Newsletter of the Association for the Study of Language In Prehistory
Issue 26 · Spring 1996
Victor Mair's Superb Conference
A most valuable example of one ASLIP ideal, mutually stimulating interdisciplinary work, was shown to what I want to call perfection in Philadelphia in April. The convening of experts on all aspects of the prehistory and ethnology of East Turkestan (Sinkiang) was managed by Victor and his friendly team of Pennsylvanians.
A fair number of long rangers were there, and it was a pleasure to meet some of them, yet the conference was a short range one. Rather than focusing on a long range topic, we all were bound by the time limits set by Indo-European and the archeology of Sinkiang -- 6 kya. Malheureusement, there are too many excellent papers to report on, not even the abstracts which we had hoped to put in MT-26. We will perforce be most selective in what we report. My apologies! But only things relevant to common concerns can be included.
Sensa dubbio, the peak of it all came at the end -- the semi-debate between Renfrew and Mallory over I-E dates and homelands. Sophisticated but amiable and a treat to the audience, the pair taught us much prehistory. Their talks were separate, not in a formal debate format, yet each disputed the other's past commentary on the questions. No clear victor (save Mair!) but each scored some heavy points. JPM scored against CR's chronology; CR scored against JPM & Anthony re horses. Great debate!
Here are other key points:
(1) Tongmao Zhao (NIH) showed that Uighur Turks, now dominant people in Sinkiang, were 55% European in blood/serological groups. Kazakh were 35%, Hui 14% and Dongxiang 26%. Someone pointed out that such was al-ready obvious in Uighur faces. We all reflected on this 'simple' truth.
(2) Paolo Francalacci (Sassari) tested DNA from 'Tocharian' mummies, got enough mtDNA to tell something, and concluded that the mummies were certainly Europeans, adding that Euros were very homogeneous actually but included Turks and Lebanese. [Probably Jews too-HF]
(3) Chinese scholar, AN Zhimin, concluded that the Bronze Age came to North China via the Tocharians; this startled us.
(4) Donald Ringe talked about his new 'computational cladist-ics' which frankly mystified most listeners. He also made a statement which caused me to doubt his usefulness to prehistorians. A rough quote is: "What matters about all this is the method. The results are not important." I would say that meant he was playing theoretical games in preference to history. Still his results interested the conference because he 'found' Indo-Hittite to be valid, i.e., Hittite is the first split off or coordinate to the rest of IE.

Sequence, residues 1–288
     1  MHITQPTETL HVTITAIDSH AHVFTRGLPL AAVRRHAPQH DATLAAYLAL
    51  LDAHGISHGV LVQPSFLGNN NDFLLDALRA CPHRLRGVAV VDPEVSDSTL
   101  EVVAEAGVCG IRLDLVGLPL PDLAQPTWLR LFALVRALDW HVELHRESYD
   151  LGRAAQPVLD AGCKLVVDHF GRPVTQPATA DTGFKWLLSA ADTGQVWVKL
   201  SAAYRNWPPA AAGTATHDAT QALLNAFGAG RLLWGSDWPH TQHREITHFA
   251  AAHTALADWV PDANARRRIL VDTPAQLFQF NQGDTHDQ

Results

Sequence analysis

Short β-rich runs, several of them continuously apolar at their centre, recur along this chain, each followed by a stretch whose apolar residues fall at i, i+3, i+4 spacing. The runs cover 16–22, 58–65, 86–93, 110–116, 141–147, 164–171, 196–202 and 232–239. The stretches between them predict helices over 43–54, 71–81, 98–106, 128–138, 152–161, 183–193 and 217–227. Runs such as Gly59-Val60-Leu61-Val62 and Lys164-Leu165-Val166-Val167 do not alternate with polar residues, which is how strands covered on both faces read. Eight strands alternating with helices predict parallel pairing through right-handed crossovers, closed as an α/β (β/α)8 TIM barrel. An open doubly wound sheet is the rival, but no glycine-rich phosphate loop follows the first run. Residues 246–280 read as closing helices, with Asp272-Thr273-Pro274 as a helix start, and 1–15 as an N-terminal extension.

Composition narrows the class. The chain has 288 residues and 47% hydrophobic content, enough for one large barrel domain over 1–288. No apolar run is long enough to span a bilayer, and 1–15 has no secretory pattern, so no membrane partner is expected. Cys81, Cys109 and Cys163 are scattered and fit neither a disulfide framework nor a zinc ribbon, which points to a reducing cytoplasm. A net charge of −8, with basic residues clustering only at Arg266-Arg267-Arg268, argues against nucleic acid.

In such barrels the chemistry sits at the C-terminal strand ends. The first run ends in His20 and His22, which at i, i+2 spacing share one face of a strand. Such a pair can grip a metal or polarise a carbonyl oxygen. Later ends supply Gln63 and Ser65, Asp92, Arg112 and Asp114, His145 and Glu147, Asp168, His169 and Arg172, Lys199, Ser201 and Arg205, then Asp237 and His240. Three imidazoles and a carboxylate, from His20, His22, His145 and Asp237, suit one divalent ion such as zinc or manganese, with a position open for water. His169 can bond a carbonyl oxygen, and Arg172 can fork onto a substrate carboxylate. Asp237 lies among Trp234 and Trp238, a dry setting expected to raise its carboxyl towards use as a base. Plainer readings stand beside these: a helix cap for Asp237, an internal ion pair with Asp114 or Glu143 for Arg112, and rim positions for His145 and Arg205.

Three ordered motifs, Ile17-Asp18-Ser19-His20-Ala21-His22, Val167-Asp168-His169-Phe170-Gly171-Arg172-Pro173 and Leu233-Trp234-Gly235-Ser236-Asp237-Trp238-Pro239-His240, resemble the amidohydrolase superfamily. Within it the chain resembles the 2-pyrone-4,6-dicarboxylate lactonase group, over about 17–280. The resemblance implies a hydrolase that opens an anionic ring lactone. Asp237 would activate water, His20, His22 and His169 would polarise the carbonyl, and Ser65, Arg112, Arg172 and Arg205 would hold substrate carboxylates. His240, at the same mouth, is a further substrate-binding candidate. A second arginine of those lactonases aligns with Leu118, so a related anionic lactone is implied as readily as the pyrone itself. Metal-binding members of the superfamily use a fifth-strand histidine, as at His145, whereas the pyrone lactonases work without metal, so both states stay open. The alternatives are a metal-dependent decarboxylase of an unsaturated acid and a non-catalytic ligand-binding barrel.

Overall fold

(5) Eric Hamp was a traditional methodological opposite to Ringe but also, unbelievably, found Indo-Hittite to be valid. Sturtevant would have loved this. Hamp also produced a leit motif for his paradigm. Again a rough quote: "Our job is to produce an absolutely spotless reconstruction of proto-Indo-European; nothing else really matters." Does that sound like the voice of Neo-Grammarians in the 20th century? Nothing in this about taxonomy or prehistory. And since the perfect reconstruction is forever eluding our grasp, his brand of linguistics looks more and more like the Arthurian pursuit of The Holy Grail. Anyone for Camelot?
(6) Michael Puet (Harvard, East Asian Studies) gave a paper full of wisdom in which he advised the 'New Archeologists' or the 'Process Archeologists' to admit some diffusion sometimes in their explanations. Local process does not always explain things, he said. (We hope to get more of his paper another time.) During questions, Colin Renfrew supported Puet's main argument.
Michael had written his paper before a big discussion of Bronze Age metallurgy in which the amazingly rapid spread of that technology from the Atlantic to the Pacific (in the 'civilized' world) begged for explanation. During our talks, I was very surprised to be twice attacked by irritated colleagues for being so 'old-fashioned' as to suggest diffusion as a model.
I guess I forgot how much basic ethnological theory has been lost by so many. In any 'theory course' with diachronic problems in it the traditional dichotomy of invention versus diffusion remains valid. Oddly enough, historical linguistics is not confused at all on this point; nor is biogenetics or paleoanthropology. But archeology has allowed its children to believe that only invention counts, for isn't that what 'process' archeology is all about? (Plus high tech digs.)
(7) While no single paper proved that the mummies spoke Tocharian or whatever, and while a great deal of evidence for an Iranian presence in Sinkiang surfaced, still we generally reached a consensus -- the initial conclusion that the mummies spoke Tocharian was probably true. And these Tochari had come from the west off the great steppes, had come from PIE, had greatly influenced ancient Turkic folk, living on in the modern Uighurs.
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(c) 1996 Association for the Study of Language In Prehistory